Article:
“You know a way out?” I asked.
“Why don't you cop a squat and check yourself out on the tube,” Kelly said. He was looking at the television.
I looked at the television and saw the street below. It looked empty.
“You got the television hooked up to security cameras?” I asked.
“Then how comeâ¦?” On the television there was a person moving across the street, wearing a dark jacket. He had one hand up by his side and the other in his jacket pocket. It was me.
“What is this, a movie or something?”
“Yeah. I guess it's a movie. What part you want to see next?”
“You ain't got nothing better to do with your ass than take pictures of people in the street and watch them?” I asked.
“What's your name?” Kelly asked.
“Roger,” I said. “Roger Jones.”
“Yeah, then why they calling you âLil J' on television?”
“That was on the news?”
“They said you popped a cap in a cop.”
“They said he died?”
Kelly pointed the remote toward the screen and clicked it twice. A white guy with blond hair came on.
In the news today: Yet another officer shot in the line of duty. Thirty-three-year-old Anthony Gaffione was shot on Harlem's east side during an undercover drug bust in what police officials identify as “drug alley.” Gaffione, a seven-year veteran, is reported in critical condition at Columbia Presbyterian Hospital,
where he spent three hours in surgery this afternoon. One suspect, nineteen-year-old Rico Brown, was captured in the Bronx. The shooter, identified as seventeen-year-old Jeremy Dance, known as âLil J,' is still being sought.
In Basra, Iraq, yesterdayâ¦
Kelly clicked the remote and the television was showing the street again.
“I didn't do the shooting,” I said.
“What happened?” Kelly asked.
“What difference do it make?” I said. “If he dies and they get me, I am never getting out of jail. If he doesn't die and they get me, I still am never getting out of jail. My life is just flushed, man.”
“If you could do it all over again, and change something, what would it be?” Kelly asked.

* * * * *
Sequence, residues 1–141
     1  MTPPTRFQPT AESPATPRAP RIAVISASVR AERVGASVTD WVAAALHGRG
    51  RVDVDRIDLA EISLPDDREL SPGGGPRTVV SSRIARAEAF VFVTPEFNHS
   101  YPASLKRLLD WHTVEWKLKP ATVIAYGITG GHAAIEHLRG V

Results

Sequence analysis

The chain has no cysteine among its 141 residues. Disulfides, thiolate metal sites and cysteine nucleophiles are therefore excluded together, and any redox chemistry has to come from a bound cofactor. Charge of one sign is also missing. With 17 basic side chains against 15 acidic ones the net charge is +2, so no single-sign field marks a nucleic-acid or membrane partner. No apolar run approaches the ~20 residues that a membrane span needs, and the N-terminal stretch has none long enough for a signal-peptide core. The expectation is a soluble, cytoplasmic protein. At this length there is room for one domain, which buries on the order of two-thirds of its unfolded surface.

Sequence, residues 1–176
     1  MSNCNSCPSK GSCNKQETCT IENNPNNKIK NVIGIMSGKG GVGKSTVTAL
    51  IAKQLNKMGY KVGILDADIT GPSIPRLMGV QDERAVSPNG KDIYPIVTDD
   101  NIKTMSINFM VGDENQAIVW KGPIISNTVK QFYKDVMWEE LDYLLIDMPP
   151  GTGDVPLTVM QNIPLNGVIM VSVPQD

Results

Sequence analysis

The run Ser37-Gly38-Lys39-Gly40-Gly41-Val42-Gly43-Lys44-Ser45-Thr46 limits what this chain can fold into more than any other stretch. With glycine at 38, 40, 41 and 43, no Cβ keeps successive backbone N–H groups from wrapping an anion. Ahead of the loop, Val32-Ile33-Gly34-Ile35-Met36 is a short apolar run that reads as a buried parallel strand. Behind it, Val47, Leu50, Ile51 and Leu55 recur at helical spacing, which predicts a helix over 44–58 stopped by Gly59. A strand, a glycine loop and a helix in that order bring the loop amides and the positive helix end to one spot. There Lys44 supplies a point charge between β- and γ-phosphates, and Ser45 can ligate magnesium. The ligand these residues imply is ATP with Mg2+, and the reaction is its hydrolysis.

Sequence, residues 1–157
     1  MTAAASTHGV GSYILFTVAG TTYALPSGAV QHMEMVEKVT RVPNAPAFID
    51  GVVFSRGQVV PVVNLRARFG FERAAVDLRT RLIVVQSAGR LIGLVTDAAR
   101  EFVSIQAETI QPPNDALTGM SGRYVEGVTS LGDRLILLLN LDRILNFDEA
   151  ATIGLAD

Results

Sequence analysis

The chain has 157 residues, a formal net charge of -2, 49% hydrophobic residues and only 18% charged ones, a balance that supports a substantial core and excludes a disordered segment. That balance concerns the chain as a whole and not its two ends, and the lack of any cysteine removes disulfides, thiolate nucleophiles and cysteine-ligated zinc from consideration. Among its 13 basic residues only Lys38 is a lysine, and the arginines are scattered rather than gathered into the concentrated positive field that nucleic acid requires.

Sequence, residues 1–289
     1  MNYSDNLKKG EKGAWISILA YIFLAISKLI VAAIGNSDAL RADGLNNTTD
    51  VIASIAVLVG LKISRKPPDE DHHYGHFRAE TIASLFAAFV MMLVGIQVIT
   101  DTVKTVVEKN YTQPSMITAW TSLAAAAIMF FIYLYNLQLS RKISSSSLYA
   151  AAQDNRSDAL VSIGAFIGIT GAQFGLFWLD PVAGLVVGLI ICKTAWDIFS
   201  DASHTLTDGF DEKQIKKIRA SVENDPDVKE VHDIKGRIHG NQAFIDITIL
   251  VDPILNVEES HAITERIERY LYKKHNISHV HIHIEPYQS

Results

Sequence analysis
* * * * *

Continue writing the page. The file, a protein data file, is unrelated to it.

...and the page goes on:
“Shut up with that bullshit!” I said.
He shut up and neither of us spoke for a while. On the television the picture of me standing in the doorway, looking down the street, played over and
over again. I didn't know how Kelly had taken it, but it was depressing to see. I looked scared and I was holding my left arm folded up high by my side. I hadn't realized I was doing that. You could see it was hurt and something was wrong with the way I was looking around. Maybe that was why the cop in the patrol car had pulled me over. Maybe he hadn't recognized me.
I went over and looked out the window. There was nothing right down front, but there were at least two police cars near the corner and some more flashing lights from other cars parked around the corner reflected off the windows of the buildings across the street. It was October and getting kind of cold, and the cops had their hands in their pockets. I pulled down the shade. Every cop in New York was going to be looking for me. They would have their guns out too.
“Hey, Kelly, you live here?” I asked.
“Look, you seem like you okay,” I said. “I didn't shoot that cop. Rico shot him. Square business.
You know a way out of this building?”
“Ain't no use running,” Kelly came back. “Where you going to go?”
“I'll take my chances if I can get to the roof,” I said. “See what happens from there.”
“You want to see what happens?” Kelly reached for the remote again. He pointed it at the television, and now the picture showed the street again, but this time the street was full of police cars.
I ran to the window and looked down. Nothing.
“It's on fast forward,” Kelly said. “It's what's going to happen.”
“Yo, what kind of spooky crap is this?”
“You want to see what's going to happen?” Kelly asked. “It don't make me no never mind. You don't want to see, it's okay.”
I didn't say nothing, just nodded toward the television. The chair that Kelly had told me to sit in was wood, and one of the legs was a little wobbly. I rubbed my left arm as the image of the street below, full of cops and police cars, played over the set.
Some of the police had on SWAT suits, complete
with helmets and rifles. Then I came on the screen. Somehow I had made it to the roof. I saw me looking over the side. Then there was an image of a SWAT team coming up the stairs. Then there was me again. I was sitting against the low brick wall at the edge of the roof. Then the SWAT team had reached the roof landing. And then I was lifting the Nine, but my eyes were closed, there were tears running down my face, and I was holding the Nine against my own head.
Kelly clicked it off quick. “You okay, man?” he asked.
“No.” I was shaking.
“So if you could take back one thing you did,” Kelly asked, “what would it be?”